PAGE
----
Bristol leaders welcome extra powers deal
Bristol leaders have welcomed a deal which will give the city more powers and the ability to borrow up to £1bn to spend on major projects.
Bristol is one of six cities in the country to be given significant extra powers and money.
This is in return for promises to bring down youth unemployment and speed up regeneration and economic growth.
Chief Secretary to the Treasury Danny Alexander confirmed the measures during a visit to Bristol.
The six "city deals" are for Newcastle, Birmingham, Bristol, Leeds, Nottingham and Sheffield, with deals for Liverpool and Manchester already agreed.
During his visit, Mr Alexander also gave financial backing to the Greater Bristol Metro project, which would see the Portishead and Henbury Loop rail lines reopened.
He said that the deal meant Bristol would have "new powers to shape and drive economic development".
This is undoubtedly good news for Bristol but the devil lies in the detail.
The £1bn is not a grant but borrowed money over a long period and it must be spent on projects with big economic returns - so councils aren't free to do what they like with it.
What's more - the West of England must come up with a strong transport board before any money is granted for schemes like the reopening of the Portishead and Henbury Loop rail lines.
Westminster also refused some of Bristol's requests. There was no money for an Arena and a bid to make the city exempt from town green legislation was turned down.
But despite the strings attached to this deal - this attempt to devolve power down by Westminster will give the new Mayor of Bristol confidence when asking for more goodies in the future.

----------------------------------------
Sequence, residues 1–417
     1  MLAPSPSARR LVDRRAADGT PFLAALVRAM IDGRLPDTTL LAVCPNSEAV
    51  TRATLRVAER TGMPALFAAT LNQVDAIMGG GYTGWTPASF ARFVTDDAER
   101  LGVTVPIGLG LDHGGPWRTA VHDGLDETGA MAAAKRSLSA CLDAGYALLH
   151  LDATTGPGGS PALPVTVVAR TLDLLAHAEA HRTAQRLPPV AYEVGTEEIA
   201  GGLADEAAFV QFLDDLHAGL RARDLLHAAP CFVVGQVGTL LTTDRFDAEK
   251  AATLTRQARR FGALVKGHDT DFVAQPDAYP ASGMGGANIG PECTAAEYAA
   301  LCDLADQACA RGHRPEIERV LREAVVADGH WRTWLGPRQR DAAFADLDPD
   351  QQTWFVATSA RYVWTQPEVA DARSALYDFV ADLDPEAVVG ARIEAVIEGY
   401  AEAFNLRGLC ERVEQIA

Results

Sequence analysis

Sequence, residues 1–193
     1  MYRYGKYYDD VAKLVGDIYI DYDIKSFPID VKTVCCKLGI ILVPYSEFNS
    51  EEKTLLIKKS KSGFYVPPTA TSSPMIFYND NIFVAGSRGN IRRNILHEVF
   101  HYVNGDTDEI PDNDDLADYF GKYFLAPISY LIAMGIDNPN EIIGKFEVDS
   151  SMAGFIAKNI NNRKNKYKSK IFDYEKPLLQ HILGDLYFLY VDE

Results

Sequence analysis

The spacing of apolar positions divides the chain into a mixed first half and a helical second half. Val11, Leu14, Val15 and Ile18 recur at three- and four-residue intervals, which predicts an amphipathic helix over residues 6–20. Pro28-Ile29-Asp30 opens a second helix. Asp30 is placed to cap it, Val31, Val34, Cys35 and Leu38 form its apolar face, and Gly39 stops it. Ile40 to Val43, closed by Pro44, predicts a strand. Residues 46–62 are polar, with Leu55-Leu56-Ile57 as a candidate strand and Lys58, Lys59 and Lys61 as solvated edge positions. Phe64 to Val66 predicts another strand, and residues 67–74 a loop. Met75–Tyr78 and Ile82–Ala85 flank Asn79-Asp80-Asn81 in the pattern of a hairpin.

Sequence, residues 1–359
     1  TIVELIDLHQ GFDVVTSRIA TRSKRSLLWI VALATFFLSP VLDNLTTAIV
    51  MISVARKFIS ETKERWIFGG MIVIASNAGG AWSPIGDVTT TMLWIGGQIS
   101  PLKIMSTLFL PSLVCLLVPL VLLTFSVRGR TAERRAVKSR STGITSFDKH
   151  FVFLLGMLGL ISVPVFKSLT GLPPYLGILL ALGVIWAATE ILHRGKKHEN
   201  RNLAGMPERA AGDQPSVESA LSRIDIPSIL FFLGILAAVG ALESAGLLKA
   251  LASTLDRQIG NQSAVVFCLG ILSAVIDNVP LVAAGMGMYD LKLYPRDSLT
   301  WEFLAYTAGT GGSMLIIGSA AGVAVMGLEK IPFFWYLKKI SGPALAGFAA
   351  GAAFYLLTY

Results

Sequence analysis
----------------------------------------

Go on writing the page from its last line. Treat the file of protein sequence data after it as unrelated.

The deal will mean Bristol City Council will be able to borrow £1bn during the next 25 years against growth in business rates.'Strings attached'
It will also see more apprentices, through a skills plan geared around the Temple Meads Enterprise Zone, and over £2m of investment to encourage more backers from private business.
A board will also be set up to manage all the public property in the city - more than 180 government assets and £1bn of council property.
Barbara Janke, Liberal Democrat city councillor and former leader of the authority, said there were "very big strings attached" to the deal.
"I think it's very encouraging we're going to have some resources released," she said.
"However, it does really still feel that central government has got a firm hold on all the strings and we really would like to feel that we in Bristol, with the most successful economy of any core city, are very well placed to deliver this.
"We feel that the civil servants particularly find it hard to give control locally and so there are very big strings attached to this deal.
"Nevertheless we feel that we can take advantage of it and bring real benefit to the city."
Tim Kent, a Liberal Democrat council cabinet member, said: "I think we have achieved something quite significant, particularly if you look around the package regarding the enterprise areas," he said.
"The retention of business rates there will mean we can really front load investment into transport, into infrastructure and into protection from flooding.
"This could really revolutionise our ability to be able to deliver those extra jobs for this region.
"And so this will be a matter of whether people actually have a job in five or 10 years time or not, and will make a real difference to every family."